The term ‘baby-brain’ has been thrown around for decades.
Referring to the forgetfulness and heightened emotions often attributed with new motherhood, baby brain is often blamed for new mums feeling as though they’re unable to think clearly.
But despite the number of women who report feeling this way, little research has previously been conducted into how pregnancy and birth – and all the hormonal changes that go with it - might affect the female brain.
Researchers from the Universitat Autonoma de Barcelona and Leiden University in The Netherlands, investigated the “radical physiological and physical adaptations” that come about due to hormone surges during pregnancy, and their findings were published in Nature Neuroscience this week.
What they found was that baby brain is not just an old wives’ tale – but a very real phenomenon.
Using first time mums, researchers looked at their brains before pregnancy, soon after they gave birth and two years later, to observe any changes.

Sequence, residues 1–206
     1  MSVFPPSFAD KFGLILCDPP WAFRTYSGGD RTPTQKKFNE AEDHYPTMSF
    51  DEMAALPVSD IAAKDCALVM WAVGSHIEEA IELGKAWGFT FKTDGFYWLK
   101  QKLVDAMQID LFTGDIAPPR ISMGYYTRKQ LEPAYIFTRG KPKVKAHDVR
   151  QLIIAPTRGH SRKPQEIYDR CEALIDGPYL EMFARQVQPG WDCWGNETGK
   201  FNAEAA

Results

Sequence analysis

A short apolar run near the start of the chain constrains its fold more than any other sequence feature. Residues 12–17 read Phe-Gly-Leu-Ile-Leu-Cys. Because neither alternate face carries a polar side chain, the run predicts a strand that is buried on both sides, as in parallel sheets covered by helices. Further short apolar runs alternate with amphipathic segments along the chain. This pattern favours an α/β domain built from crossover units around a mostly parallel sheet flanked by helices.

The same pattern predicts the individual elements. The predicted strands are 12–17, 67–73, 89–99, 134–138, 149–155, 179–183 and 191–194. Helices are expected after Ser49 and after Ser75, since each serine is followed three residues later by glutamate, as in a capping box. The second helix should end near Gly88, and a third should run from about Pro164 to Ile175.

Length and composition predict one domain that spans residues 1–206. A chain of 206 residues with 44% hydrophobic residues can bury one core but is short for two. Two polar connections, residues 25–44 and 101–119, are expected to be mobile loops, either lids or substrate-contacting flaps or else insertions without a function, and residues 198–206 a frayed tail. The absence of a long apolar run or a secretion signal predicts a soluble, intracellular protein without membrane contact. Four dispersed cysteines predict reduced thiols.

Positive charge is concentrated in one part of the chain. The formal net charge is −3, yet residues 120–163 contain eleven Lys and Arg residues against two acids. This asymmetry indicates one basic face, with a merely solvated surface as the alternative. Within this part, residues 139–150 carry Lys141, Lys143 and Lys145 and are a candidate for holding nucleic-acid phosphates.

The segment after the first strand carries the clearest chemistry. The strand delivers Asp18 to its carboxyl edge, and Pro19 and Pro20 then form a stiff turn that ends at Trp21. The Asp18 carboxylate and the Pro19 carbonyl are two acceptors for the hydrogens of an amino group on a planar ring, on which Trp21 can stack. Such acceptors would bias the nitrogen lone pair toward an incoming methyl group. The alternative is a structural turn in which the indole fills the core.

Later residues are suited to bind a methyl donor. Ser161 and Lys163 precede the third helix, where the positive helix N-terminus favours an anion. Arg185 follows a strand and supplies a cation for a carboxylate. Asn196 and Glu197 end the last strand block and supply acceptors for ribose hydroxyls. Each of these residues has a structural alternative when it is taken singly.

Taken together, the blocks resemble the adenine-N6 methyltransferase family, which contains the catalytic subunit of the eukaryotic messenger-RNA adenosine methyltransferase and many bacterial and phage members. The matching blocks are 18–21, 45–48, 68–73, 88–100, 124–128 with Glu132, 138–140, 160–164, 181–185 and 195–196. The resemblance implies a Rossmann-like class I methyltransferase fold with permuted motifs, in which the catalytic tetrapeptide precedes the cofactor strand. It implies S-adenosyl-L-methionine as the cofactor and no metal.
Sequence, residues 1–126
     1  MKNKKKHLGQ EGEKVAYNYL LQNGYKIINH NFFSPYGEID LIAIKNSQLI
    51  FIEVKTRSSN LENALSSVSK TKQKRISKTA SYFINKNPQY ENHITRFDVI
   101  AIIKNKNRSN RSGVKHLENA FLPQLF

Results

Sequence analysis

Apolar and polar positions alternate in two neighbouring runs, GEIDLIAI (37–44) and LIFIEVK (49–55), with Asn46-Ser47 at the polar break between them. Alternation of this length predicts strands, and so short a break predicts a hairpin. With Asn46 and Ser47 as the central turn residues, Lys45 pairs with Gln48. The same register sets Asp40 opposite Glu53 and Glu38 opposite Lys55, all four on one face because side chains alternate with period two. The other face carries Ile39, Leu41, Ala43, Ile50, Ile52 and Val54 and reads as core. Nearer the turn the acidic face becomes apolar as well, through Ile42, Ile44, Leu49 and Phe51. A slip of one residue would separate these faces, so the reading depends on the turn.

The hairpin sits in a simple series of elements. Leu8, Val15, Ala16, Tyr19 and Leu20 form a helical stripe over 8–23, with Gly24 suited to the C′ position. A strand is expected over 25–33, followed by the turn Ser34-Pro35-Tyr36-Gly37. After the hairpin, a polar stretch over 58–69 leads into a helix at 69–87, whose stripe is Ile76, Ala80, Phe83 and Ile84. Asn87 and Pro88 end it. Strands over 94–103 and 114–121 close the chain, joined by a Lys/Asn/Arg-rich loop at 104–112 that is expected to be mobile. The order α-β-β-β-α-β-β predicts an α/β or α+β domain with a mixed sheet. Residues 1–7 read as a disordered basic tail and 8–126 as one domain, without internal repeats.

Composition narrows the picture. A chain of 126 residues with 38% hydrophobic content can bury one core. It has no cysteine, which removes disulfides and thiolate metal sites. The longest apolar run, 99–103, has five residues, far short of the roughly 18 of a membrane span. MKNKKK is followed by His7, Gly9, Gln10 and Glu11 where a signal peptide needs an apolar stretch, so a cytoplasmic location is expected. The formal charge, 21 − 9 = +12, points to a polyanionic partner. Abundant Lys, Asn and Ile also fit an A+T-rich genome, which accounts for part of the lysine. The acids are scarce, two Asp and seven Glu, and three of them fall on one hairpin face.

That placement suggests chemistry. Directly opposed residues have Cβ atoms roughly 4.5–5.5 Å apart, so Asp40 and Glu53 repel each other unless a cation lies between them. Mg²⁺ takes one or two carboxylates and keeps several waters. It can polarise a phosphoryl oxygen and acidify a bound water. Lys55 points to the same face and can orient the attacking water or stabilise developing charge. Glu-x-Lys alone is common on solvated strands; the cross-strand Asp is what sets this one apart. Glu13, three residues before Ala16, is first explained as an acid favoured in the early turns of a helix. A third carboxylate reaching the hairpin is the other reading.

They also looked at the dad’s brains, plus women and men who had not had children.
In women who had babies, pregnancy had reduced the grey matter in their brain substantially – in areas commonly associated with attributing feelings to other people.
According to the study, these changes lasted for two years following birth.
Researchers hypothesised that this reduction in grey matter would help new mothers recognise the needs of their child, be more aware of social threats and to bond with their babies.
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The results were so consistent in the women who had had children, scientists were able to pick their brain scans from a group.
Researchers found that the same area where the reduction in grey matter occurred lit up when mothers were shown pictures of their own children. The same areas did not light up when shown images of other children.
“Our data provide the first evidence that pregnancy confers long-lasting changes in a woman's brain,” reads the study’s abstract.
“We show that pregnancy is associated with pronounced and long-lasting Grey Matter volume reductions in a woman's brain, which are primarily located in regions involved in social processes and show a notable similarity to the theory-of-mind network.”
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